Video solves the main problem of a surveillance event, delivering an image of the perpetrator that broke into your business or trespassed on the perimeter. But video doesn’t always tell the entire story.
The integration of audio into the surveillance operation is becoming increasingly common. Audio delivers another element of information that would otherwise be missing, allowing the user to gather more detail on the nature of the event and the potential suspects. The increased integration of speakers into IP cameras, or connectivity of external public address systems or loudspeakers to surveillance cameras, means that delivering audio over a network with video is easier than ever.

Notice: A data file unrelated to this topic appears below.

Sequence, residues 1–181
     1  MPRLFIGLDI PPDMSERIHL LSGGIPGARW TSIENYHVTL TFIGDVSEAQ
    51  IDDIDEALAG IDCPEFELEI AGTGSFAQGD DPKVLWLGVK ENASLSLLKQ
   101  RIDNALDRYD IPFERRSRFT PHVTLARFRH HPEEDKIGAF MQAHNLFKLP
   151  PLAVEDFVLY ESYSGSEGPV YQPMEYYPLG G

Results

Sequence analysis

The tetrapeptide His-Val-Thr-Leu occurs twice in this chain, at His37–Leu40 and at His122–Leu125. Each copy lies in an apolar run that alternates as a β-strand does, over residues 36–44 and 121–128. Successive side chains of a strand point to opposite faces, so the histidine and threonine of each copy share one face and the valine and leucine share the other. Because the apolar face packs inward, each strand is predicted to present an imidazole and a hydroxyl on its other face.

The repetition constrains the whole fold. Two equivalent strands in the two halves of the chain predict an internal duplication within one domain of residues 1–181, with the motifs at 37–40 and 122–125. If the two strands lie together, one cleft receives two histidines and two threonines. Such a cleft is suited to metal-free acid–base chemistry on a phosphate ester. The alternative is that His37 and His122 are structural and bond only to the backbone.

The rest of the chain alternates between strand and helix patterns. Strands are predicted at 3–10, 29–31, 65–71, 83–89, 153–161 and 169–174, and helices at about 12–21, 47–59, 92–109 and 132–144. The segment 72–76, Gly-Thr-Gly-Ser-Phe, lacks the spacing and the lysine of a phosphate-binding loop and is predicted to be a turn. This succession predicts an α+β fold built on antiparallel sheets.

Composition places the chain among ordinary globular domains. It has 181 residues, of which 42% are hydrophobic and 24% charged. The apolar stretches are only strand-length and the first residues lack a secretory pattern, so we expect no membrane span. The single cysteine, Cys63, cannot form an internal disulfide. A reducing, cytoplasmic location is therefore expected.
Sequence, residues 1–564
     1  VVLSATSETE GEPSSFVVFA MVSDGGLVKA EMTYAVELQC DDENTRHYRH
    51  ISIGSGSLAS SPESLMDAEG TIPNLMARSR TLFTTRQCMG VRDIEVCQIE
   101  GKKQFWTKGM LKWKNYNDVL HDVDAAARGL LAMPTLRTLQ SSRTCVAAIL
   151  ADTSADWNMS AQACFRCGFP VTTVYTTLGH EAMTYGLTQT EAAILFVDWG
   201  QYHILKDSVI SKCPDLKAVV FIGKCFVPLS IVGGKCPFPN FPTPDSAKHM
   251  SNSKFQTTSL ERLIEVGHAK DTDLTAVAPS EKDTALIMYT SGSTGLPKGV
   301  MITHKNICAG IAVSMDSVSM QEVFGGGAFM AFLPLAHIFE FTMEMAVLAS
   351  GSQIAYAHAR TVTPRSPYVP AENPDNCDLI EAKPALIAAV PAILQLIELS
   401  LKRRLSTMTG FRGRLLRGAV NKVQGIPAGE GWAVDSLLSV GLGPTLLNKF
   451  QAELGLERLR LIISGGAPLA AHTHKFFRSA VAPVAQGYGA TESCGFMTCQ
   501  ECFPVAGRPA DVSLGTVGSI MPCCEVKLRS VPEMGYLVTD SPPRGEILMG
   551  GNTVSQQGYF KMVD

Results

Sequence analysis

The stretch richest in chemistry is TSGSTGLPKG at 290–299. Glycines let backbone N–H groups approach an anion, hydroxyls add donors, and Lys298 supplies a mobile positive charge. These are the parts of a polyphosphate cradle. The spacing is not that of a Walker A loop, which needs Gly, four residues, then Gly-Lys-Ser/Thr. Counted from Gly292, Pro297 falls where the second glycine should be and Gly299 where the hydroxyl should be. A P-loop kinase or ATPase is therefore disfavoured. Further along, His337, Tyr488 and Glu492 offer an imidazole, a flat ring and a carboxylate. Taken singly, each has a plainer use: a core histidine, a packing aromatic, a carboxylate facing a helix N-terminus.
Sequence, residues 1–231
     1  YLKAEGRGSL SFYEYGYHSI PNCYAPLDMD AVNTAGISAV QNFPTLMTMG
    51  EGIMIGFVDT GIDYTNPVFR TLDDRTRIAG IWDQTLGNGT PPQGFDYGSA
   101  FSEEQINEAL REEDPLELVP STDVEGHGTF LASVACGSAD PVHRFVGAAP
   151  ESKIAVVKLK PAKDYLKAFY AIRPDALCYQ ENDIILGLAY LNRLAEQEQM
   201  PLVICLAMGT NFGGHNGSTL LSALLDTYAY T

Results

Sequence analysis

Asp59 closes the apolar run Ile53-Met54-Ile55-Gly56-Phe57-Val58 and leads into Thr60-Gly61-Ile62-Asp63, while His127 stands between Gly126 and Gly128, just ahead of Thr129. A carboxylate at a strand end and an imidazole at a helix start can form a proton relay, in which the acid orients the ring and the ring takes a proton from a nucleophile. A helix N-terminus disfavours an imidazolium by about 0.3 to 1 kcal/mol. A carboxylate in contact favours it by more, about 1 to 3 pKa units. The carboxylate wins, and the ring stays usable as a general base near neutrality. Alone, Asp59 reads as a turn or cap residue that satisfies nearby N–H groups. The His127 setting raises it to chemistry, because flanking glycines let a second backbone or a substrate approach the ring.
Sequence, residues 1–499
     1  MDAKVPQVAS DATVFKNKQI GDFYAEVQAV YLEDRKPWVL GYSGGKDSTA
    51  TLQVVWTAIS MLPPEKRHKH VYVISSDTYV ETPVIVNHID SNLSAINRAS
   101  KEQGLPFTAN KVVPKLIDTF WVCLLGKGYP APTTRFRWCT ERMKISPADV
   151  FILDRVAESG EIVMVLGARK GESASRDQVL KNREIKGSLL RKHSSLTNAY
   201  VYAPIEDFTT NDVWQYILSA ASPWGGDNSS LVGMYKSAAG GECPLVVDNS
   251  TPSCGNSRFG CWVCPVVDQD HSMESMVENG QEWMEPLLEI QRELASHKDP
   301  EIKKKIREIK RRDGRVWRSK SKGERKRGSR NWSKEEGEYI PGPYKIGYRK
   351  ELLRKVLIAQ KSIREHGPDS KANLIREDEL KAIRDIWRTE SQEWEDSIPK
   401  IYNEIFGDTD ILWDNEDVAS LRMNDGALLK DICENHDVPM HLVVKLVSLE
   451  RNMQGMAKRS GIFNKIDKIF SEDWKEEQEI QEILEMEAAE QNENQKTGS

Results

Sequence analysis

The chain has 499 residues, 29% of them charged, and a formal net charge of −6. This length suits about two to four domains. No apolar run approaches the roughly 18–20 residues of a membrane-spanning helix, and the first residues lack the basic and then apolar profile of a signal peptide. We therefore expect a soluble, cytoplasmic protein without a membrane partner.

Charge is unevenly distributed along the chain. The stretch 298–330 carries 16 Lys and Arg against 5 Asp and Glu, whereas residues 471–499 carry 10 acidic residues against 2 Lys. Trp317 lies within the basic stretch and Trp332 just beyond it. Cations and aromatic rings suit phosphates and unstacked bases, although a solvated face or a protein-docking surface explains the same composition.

Enabling a reliable alarm verification service as part of a mobile surveillance operation will also go a long way in eliminating the costs of outsourcing surveillance operations to companies with fixed, remote services.
The world of mobile surveillance is still in the formative years, but there are a number of options on the market to get started, and a variety of applications to test. Other emerging applications include remote business intelligence, situational awareness, central station monitoring and deterrence. We expect to see these opportunities grow sharply as quality of service and network capacity for mobile users strengthen in the coming months and years.